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Improving BLS Training with Live CPR Feedback   While BLS training remains the principal workload of Resuscitation Departments, with a high throughput of students and the responsibility...

While BLS training remains the principal workload of Resuscitation Departments, with a high throughput of students and the responsibility to ensure CPR competence at an organisational level, how can the Instructor accurately judge CPR performance and be confident that all students are leaving the course Guideline compliant? Karen Britton, Resuscitation Officer at Frimley Park Hospital tells us how she is improving CPR competence on BLS courses with the new Resusci Anne QCPR manikins.  

The Resuscitation Department at Frimley Park Hospital runs its BLS course 3 times a week with class sizes ranging between 12-15 students in each class. Like many Resuscitation Departments around the country, the Little Anne was the staple manikin used for all BLS training. Looking to update her teaching equipment, Karen tested the new Resusci Anne QCPR manikin with SkillGuide.    

 

The SkillGuide is a small electrronic device that when attached to the manikin, records and displays real-time feedback on the core parameters of CPR performance (depth, rate, incomplete release and ventilation volume).

 "As Resuscitation Officers, we all strive to ensure that students attain Guideline compliant CPR but judging the quality of CPR performed can be a challenge and imprecise. With the SkillGuide providing real-time feedback, the instructor and student can see straightaway the level of CPR being performed and what aspects need to improve", observed Mrs. Britton.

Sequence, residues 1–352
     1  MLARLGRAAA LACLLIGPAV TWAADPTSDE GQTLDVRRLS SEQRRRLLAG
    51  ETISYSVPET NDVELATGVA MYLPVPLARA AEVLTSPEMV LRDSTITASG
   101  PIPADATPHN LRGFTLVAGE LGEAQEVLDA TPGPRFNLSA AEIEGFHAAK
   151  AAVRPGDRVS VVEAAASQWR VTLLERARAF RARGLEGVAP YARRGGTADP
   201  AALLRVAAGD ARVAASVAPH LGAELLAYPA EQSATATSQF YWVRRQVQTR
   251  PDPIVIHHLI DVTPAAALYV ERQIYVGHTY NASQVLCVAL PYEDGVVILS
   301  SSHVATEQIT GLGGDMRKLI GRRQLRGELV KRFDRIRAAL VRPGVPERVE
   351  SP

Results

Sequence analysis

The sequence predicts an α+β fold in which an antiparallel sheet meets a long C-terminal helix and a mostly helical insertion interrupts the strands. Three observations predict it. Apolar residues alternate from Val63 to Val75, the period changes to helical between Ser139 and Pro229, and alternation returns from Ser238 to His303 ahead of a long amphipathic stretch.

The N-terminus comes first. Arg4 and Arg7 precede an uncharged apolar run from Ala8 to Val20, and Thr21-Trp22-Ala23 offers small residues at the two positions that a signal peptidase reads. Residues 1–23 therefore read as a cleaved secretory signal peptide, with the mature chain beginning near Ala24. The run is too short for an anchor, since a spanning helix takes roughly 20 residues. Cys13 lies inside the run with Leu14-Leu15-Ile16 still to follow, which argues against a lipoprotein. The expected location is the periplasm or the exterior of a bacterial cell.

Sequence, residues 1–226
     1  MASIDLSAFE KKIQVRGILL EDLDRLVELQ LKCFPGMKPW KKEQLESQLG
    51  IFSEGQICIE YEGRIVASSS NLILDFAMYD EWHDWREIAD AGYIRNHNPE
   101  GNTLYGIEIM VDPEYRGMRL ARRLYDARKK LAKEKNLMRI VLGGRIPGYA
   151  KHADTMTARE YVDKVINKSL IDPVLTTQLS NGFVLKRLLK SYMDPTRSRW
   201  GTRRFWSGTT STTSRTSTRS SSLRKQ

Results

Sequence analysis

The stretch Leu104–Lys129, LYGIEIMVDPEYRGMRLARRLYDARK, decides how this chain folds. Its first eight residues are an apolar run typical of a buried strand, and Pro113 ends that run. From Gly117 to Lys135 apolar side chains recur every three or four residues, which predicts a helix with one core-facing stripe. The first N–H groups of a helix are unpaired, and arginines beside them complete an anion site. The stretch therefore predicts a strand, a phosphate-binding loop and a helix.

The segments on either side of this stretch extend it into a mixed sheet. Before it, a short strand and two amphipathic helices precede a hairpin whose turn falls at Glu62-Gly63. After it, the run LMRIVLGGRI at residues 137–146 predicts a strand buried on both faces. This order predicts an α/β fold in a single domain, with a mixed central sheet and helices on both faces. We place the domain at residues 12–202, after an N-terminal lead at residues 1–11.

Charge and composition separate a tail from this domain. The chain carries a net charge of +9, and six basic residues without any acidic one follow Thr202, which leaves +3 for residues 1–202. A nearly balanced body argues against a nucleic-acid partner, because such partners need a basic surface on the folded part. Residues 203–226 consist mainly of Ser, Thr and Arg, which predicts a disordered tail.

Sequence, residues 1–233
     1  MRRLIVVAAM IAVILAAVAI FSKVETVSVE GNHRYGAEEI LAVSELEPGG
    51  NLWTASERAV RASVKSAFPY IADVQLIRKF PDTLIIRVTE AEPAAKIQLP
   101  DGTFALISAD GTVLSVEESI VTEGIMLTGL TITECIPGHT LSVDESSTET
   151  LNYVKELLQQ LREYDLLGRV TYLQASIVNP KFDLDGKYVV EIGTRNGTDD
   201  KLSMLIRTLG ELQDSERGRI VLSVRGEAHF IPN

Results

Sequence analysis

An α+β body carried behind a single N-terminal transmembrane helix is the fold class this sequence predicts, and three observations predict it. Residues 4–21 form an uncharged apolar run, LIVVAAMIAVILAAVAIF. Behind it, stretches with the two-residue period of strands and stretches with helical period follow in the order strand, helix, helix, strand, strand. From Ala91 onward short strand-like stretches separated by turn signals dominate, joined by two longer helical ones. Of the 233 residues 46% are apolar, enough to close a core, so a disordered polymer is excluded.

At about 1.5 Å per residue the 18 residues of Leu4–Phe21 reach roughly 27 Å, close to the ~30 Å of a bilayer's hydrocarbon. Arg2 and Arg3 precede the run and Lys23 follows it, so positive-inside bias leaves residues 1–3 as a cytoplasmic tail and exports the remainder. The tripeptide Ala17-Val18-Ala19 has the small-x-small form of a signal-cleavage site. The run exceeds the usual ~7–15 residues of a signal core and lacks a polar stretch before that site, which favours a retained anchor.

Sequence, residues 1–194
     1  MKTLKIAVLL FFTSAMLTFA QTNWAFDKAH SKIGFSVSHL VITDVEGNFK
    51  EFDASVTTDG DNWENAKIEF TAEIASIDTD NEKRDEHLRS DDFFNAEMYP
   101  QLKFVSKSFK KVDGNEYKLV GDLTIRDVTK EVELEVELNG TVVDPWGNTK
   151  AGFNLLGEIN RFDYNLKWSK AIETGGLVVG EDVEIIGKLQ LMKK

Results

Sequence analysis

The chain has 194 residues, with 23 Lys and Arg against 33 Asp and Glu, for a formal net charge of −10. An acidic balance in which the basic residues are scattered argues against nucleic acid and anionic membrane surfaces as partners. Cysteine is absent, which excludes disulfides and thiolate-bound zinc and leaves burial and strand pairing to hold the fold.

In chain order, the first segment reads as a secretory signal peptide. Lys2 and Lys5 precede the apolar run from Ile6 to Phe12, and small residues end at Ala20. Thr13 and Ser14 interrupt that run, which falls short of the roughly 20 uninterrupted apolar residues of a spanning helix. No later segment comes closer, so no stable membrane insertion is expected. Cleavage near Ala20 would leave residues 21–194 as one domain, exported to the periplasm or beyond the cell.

Ensuring the standard is reached

Commenting on the differences between teaching using both manikin types, she continued, "The 30 minutes hands-on session in the BLS course has become much more meaningful. Students can be self-directed in their CPR practice with the feedback on the SkillGuide guiding their improvements until they reach the required standard. And with the SkillGuide's summative feedback and scoring function, we can now be certain they have reached that standard."

When asked if the students liked the new style of training, she said, "The student feedback has been really positive. They seem much more engaged in the training and more motivated and competitive with themselves to improve their scores. The sessions are noticeably more fun and interactive."   "With the SkillGuide the instructor and student can see straight away the level of CPR being performed and what aspects need to improve"

The future of BLS training

Looking ahead to the future of BLS training at Frimley Park Hospital, she said, "I can certainly see a measured improvement in CPR performance compared to previous BLS training. Using feedback is definitely the way we will move forward to improve CPR competence in our organisation."